How Myanmar’s military leveraged the COVID-19 pandemic in its power grab
Myanmar’s popular leader, Aung San Suu Kyi, who has been in custody since the country’s military seized power in a coup on Feb 1,
has been charged with a new crime: That of violating the country’s National Disaster Management Law.
It’s proof, if any were needed, of the extent to which the country’s military leaders are willing to subvert the COVID crisis to their own ends.
The new charge carries a maximum three-year prison sentence. But an amendment to Myanmar’s penal code instituted by the junta
on Feb 14 permits the army to detain people without having to go to court.
Aung San Suu Kyi was arrested on Feb 1 along with other members of the NLD government which had been re-elected in a landslide in
December. She was charged with possession of illegally imported walkie-talkies.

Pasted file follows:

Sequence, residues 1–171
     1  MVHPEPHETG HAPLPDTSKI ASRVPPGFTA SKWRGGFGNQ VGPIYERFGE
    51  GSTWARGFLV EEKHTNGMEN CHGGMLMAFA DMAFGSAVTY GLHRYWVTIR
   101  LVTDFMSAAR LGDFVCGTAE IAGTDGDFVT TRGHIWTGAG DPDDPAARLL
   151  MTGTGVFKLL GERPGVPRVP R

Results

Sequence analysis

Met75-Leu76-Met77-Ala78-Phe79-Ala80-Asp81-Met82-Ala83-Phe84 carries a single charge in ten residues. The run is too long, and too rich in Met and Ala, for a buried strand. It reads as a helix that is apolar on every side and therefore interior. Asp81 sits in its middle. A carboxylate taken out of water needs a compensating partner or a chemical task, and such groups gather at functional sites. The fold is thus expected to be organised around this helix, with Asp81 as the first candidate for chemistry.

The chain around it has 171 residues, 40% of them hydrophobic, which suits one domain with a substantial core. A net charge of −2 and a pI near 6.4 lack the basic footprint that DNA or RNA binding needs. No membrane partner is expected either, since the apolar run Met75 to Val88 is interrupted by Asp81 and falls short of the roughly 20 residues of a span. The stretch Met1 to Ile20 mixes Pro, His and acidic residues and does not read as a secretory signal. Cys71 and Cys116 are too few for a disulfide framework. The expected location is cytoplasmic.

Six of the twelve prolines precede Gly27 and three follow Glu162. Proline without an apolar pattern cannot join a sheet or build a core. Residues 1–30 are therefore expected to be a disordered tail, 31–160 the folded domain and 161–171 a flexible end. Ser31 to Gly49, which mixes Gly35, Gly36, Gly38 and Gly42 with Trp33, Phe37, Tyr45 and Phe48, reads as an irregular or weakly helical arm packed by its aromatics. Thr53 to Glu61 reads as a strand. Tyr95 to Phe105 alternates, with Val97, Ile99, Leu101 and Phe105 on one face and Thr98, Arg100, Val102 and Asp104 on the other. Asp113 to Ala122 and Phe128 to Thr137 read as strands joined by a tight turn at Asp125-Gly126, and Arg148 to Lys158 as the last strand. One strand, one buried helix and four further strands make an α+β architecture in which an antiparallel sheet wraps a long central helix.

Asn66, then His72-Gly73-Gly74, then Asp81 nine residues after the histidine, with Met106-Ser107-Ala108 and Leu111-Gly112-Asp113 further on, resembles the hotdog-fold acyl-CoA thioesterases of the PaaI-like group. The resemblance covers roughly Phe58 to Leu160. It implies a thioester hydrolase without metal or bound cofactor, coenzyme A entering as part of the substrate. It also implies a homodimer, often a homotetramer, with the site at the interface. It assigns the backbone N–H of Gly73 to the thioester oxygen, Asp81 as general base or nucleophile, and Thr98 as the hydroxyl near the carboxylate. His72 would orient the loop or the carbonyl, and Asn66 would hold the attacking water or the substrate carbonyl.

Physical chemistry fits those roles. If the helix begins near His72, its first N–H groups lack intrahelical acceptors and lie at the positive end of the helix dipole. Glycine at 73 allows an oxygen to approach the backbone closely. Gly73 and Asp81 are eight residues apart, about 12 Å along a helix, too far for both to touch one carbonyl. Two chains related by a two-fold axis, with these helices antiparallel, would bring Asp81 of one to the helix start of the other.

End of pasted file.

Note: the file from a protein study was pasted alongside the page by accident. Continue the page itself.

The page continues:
But the decision to level this additional charge of breaching COVID restrictions is consistent with the way the military has used
the pandemic to gain and cement power after the coup. This should alarm both democrats and public health officials the world over.
Colleagues at the International State Crime Initiative, Neve Gordon and Penny Green, have described how some governments
“exploited the COVID-19 crisis” to introduce policies such as increased surveillance and emergency security measures that
“undermine democratic principles and violate the civil and political rights of both citizens and migrants”.
In Myanmar’s case, the military has relied on the pandemic to justify its power grab at three key junctures: To help create a justification
for the coup, to undertake the coup, and to embed post-coup rule.
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